Chokhmah And Binah (Wisdom And Understanding) – How Your Awesome Mind Is Spirituality Wired

When we speak about enlightening ourselves, it’s important to differentiate between these two modes of apprehension, wisdom and understanding (in Hebrew, Chokhmah and Binah).

​So, what’s the difference between these two concepts?

The human mind is the most fascinating tool in the universe. No other lab equipment can grasp and store wisdom and understanding as much as it.

​We all know that the mind is the interface between the spiritual realms and ourselves. Training it to be strong, agile and capable of receiving influx of energy is part of the healthy pursuit of spirituality. That’s something Tzaddikim excel in.

​In essence, wisdom and understanding are two very distinct (and often opposite) modes of apprehension we use without thinking (even for those who are proficient at mindfulness). Knowing them deeply can greatly increase our perception of reality and grant us fascinating new insights.

Wisdom and understanding, an example

During my journey to do teshuvah over the past 8 years, I’ve been blessed to find many inspiring people. These people proved to be great spiritual masters, who really devoted their lives to transcending their nature and that also helped me find my way.

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Not all knowledge is equal and, to illustrate that, let’s consider two doctors who, hypothetically speaking, have exactly the same skills and mental capacity. The two of them finish med school with exactly the same grades and exactly the same rank. After school is over, one of them goes on a vacation. His friend, on the other hand proceeds to perform the very first surgery in which he’s leading a team all on his own.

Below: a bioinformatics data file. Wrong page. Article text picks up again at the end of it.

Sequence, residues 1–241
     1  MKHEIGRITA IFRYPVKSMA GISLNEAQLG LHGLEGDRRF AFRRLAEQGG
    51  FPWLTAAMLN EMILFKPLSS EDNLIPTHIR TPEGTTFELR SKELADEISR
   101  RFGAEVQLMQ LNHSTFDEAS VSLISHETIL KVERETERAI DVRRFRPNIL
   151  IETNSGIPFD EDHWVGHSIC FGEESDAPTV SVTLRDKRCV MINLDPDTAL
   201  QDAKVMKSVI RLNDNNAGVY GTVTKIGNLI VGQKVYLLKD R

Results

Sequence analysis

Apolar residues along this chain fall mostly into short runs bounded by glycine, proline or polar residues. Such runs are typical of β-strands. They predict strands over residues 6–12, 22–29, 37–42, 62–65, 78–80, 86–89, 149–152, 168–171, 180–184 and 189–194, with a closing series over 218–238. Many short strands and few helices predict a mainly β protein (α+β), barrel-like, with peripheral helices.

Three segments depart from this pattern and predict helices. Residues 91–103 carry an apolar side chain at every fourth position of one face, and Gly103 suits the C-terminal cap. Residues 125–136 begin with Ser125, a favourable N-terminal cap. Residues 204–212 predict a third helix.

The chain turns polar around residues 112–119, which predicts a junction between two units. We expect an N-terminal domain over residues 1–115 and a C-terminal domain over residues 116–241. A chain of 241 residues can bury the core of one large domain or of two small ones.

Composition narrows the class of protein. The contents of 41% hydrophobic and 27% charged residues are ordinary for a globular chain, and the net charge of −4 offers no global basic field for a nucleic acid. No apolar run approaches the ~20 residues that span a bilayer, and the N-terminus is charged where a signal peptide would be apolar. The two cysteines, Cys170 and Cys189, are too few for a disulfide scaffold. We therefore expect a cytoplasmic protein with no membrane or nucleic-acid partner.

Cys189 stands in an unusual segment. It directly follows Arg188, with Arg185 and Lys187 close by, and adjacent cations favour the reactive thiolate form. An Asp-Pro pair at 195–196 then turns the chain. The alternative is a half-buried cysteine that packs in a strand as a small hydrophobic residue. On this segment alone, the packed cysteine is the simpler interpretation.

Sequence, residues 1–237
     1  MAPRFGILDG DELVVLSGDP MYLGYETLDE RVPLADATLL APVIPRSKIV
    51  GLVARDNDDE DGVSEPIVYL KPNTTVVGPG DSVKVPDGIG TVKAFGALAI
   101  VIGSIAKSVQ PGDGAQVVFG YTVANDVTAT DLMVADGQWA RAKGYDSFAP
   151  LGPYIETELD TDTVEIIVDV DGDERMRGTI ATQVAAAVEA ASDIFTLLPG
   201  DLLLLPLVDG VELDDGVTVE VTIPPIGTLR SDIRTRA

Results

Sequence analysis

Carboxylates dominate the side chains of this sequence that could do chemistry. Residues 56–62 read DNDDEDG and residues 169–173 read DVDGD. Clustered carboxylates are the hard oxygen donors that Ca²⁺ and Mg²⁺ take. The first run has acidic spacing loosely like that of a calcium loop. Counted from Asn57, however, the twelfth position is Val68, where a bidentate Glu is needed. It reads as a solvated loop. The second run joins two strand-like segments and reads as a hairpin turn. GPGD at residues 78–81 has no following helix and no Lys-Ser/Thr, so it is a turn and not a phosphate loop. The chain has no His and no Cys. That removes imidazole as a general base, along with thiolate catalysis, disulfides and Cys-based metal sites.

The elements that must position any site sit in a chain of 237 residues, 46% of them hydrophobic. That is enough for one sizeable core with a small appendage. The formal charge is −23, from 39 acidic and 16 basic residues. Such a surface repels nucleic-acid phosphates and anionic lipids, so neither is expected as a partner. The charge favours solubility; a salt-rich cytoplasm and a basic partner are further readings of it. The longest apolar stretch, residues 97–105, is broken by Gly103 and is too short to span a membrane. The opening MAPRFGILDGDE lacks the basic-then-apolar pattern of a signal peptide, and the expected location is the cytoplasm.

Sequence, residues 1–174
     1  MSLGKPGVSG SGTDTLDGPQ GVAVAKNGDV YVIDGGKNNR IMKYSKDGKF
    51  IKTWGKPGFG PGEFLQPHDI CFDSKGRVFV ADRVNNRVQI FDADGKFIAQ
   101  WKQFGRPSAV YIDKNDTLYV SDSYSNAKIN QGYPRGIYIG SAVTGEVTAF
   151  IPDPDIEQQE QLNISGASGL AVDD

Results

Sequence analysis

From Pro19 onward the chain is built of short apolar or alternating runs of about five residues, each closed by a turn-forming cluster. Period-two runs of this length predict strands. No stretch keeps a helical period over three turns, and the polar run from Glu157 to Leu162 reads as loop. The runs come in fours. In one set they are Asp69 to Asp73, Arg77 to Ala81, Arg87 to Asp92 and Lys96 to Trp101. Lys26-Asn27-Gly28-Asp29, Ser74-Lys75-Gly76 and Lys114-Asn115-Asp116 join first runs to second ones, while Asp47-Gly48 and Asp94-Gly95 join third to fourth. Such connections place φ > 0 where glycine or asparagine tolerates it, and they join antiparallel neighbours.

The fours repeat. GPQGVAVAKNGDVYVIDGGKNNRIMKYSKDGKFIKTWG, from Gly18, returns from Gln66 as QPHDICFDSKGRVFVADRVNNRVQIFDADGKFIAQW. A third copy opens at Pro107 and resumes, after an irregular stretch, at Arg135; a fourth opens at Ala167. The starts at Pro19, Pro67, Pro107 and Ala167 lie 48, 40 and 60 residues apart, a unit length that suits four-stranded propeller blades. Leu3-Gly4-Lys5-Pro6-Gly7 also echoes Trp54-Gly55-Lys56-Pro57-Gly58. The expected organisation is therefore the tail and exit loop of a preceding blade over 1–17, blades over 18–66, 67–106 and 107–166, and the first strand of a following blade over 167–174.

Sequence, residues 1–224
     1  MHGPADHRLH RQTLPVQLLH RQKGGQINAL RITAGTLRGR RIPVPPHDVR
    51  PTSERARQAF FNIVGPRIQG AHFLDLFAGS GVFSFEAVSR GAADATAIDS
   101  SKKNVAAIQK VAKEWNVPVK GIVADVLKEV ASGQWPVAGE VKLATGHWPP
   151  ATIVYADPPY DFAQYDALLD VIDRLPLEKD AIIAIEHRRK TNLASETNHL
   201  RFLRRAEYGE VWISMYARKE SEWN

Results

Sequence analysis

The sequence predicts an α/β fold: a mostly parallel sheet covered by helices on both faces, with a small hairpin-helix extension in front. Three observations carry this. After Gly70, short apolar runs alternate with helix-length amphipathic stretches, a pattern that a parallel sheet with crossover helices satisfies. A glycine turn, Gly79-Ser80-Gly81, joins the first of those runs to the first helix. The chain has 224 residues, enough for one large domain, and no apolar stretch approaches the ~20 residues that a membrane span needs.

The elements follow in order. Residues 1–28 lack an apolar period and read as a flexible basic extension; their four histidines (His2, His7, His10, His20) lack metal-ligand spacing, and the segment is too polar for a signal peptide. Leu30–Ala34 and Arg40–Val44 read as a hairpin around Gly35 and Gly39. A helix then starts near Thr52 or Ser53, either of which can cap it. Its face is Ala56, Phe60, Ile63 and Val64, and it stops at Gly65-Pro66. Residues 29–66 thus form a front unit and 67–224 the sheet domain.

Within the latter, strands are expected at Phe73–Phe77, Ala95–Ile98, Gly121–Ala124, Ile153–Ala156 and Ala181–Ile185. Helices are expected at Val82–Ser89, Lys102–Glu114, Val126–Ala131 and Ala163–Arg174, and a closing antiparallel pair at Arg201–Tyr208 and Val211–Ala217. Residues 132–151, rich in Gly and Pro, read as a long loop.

This is an experience, which he never had before while studying. Let’s assume this is actually what happened even though, in real life, doctors do all kinds of procedures before graduating.

Now, it’s clear to everyone that the second doctor is in a much higher position than his friend who took the vacation. If we were to choose one of them to consult with, it would be, without a doubt, the second one.

​But why?

We all know that the second doctor has what we call practical experience. But why is it better than regular knowledge? In order to understand this concept better, we need to delve deeper into the essence of wisdom and understanding, and their practical ramifications.

The definition of understanding

Understanding is built through the specific mode of apprehension called “verbal knowledge”. As the term implies, verbal knowledge is acquired through words and it is a rather slow, harsh process.

Consider: when we want to learn an idea by reading something, we often have to read all the words, then process it in our minds, and finally acquire the knowledge of that idea. This can often be an arduous journey in which we are left in the dark for a long time before light finally dawns in.

​Everything we read and listen by definition is called “verbal knowledge”, and it is responsible for the greatest part of what we know to be true. Understanding comes from listening to a lecture, reading articles or watching the TV. Interestingly enough, even when we read silently, we hear the words in our minds.